My comment is more about the Helsinki Consultation than it is about Dr. Doukhan's talk. I read the paper and watched the video— I have a question about one minor point which I will address later.
My concern about the Helsinki Consultation is hard to pin down, but it is more a general uneasiness with the feel of the site and the direction the conferences seem to be pulling. This is not a criticism of Dr. Doukhan as I am not finding fault with his paper or with the fact that he attended the conference. Actually, I think we should interact more rather than less with people of very different backgrounds and views. If there is anything to be concerned about (and I think there is) we should not disappear into isolation.
Some of the issues I am concerned about have already been expressed by another author, so rather than repeat work that has already been done I will link to it and quote from it.
The Helsinki Consultation – Messianic Ecumenism
... Mark Kinzer, a driving force behind The Helsinki Consultation, unashamedly calls it Messianic Jewish Ecumenism.
... the schedule shows that there was a Hebrew Mass conducted on the Sunday morning of the conference. I wonder if this was just for the Hebrew Catholics in attendance?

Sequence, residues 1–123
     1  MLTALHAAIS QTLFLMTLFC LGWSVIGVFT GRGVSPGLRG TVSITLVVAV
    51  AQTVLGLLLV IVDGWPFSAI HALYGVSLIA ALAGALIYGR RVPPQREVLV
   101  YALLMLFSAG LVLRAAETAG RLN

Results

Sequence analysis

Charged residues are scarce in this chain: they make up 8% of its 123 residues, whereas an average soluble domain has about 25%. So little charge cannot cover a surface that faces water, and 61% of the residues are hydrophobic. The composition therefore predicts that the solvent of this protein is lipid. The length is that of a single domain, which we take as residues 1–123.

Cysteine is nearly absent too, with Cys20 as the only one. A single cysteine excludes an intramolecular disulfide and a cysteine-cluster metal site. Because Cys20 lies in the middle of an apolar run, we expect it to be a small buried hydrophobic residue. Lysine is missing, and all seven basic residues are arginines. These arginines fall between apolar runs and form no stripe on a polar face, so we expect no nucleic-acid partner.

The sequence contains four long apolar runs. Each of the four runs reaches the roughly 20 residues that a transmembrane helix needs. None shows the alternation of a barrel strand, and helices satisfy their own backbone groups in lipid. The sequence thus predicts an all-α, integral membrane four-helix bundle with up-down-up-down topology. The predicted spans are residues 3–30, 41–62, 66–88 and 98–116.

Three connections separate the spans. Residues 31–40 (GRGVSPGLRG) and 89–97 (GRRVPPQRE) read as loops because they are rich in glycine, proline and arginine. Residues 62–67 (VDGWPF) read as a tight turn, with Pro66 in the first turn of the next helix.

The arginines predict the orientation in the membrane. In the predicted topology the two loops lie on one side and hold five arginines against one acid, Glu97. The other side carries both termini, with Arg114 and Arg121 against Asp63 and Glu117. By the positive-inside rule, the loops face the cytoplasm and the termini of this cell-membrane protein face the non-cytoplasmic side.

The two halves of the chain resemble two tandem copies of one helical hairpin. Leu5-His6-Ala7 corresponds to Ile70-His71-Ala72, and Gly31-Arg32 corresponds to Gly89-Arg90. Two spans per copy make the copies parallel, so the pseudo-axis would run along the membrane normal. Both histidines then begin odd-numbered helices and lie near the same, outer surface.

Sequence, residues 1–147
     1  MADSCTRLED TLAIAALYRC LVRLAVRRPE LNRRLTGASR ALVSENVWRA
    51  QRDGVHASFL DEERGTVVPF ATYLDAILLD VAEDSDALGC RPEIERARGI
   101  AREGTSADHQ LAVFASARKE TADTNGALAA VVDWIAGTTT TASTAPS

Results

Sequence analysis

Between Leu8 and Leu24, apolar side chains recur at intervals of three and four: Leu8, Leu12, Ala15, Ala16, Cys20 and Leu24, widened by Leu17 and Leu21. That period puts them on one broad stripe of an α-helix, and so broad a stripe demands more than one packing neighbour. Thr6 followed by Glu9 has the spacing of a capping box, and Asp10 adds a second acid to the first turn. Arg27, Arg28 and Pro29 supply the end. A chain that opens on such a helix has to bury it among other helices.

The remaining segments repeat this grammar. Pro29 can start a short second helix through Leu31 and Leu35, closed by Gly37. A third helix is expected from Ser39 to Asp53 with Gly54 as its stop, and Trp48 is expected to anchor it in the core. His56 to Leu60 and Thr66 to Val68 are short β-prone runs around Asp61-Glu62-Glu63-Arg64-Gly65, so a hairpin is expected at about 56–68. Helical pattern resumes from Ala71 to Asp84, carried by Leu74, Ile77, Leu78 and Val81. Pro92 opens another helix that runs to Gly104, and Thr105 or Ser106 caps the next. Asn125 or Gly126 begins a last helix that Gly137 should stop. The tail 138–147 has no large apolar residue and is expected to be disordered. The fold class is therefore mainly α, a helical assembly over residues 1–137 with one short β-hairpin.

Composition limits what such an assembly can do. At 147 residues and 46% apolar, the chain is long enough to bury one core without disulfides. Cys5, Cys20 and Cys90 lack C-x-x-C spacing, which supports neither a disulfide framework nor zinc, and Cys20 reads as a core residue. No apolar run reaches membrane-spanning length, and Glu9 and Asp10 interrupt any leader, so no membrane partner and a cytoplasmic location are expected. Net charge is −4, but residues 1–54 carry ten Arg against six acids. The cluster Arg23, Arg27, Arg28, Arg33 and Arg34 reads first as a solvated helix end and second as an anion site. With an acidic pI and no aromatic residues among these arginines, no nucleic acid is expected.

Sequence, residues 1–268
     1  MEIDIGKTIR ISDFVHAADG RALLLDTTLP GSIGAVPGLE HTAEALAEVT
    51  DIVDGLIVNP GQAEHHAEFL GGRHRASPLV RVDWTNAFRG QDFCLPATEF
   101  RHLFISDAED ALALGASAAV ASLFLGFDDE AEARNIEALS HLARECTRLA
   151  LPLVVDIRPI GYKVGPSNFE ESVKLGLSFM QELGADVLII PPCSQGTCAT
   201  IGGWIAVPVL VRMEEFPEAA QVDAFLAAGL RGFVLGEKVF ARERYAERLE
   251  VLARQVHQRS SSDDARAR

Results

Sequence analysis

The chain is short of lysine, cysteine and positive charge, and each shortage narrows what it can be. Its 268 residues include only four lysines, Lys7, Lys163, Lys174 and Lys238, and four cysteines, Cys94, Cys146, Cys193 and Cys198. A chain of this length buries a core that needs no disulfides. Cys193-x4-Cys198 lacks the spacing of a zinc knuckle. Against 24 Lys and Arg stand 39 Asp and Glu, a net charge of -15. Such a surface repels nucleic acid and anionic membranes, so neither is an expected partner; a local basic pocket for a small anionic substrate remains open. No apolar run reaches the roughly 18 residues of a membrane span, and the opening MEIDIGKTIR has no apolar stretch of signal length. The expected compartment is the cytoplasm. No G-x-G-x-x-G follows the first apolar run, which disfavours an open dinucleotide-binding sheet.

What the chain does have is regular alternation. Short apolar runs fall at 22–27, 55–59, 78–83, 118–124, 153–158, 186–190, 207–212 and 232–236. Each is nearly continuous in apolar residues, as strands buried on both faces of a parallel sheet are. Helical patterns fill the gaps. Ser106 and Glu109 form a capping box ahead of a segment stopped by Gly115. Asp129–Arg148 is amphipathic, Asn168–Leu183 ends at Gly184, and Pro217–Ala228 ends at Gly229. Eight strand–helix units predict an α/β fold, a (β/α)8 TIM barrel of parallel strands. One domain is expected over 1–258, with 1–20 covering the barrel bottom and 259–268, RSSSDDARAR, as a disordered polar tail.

Here is another link at the same site.
Mark Kinzer & Ecumenical Messianic Judaism
But he [Kinzer] cannot claim to speak for all of Messianic Jews, or claim that a Messianic Judaism which mainly draws on ecumenical Catholic theology and rabbinical Tradition is more of a Judaism than a Messianic Judaism influenced by evangelical Protestant theology and a Karaite approach to Scripture.
I won't re-state any of the other points or argue with them as I am sympathetic with the overall concern; I will let these two links speak for themselves.
My concern is that we not use this kind of issue as an excuse to disengage and remain isolated. There is far to much paranoia— too many conspiracy theories. I too am concerned about the possibility that the wider movement toward Jewish-Christian reconciliation could be hijacked by a synthesis of “ecumenical Catholic theology and rabbinical Tradition”.
The fact that there are people promoting an “ecumenical Catholic theology” within the larger Jewish-Christian dialog does not mean that the whole dialog is ecumenical in nature. I hope that we can remain focused on dialog and reconciliation with a spirit of goodwill, while at the same time opposing a move to take us in the wrong direction.